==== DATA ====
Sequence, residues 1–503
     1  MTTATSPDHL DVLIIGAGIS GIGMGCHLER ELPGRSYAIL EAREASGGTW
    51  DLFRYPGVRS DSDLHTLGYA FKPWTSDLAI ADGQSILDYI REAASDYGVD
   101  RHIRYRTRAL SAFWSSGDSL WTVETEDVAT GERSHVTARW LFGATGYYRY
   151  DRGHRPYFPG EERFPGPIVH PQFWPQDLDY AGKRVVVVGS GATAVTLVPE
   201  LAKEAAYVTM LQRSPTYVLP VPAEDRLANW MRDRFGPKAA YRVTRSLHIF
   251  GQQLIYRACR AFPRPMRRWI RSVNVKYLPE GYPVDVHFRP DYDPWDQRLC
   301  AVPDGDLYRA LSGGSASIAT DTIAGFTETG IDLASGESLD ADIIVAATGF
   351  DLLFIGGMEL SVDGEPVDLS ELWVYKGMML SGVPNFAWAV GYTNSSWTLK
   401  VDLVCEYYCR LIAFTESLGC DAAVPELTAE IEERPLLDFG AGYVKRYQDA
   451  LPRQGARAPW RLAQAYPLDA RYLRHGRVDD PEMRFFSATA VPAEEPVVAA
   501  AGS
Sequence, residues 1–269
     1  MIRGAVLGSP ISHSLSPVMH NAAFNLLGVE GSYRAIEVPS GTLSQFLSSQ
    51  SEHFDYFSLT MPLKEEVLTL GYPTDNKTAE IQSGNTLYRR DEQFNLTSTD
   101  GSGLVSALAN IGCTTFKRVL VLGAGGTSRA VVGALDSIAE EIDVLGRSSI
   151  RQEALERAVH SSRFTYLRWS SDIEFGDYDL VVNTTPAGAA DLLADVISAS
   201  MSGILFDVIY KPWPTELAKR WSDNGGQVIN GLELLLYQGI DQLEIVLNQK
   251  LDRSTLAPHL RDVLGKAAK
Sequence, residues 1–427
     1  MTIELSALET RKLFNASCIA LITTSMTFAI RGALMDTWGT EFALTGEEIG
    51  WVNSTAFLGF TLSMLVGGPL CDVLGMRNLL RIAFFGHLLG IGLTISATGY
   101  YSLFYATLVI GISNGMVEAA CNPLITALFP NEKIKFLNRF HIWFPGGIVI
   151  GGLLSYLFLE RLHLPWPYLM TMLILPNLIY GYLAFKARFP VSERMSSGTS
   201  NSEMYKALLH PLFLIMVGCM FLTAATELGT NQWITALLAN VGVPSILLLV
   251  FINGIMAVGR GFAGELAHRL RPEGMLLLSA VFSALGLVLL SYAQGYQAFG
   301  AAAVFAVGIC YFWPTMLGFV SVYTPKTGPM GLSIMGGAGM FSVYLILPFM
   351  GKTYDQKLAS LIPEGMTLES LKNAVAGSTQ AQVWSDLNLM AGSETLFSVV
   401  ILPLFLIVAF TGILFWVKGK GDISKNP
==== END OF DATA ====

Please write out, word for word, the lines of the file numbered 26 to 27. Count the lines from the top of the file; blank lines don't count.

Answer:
   251  FINGIMAVGR GFAGELAHRL RPEGMLLLSA VFSALGLVLL SYAQGYQAFG
   301  AAAVFAVGIC YFWPTMLGFV SVYTPKTGPM GLSIMGGAGM FSVYLILPFM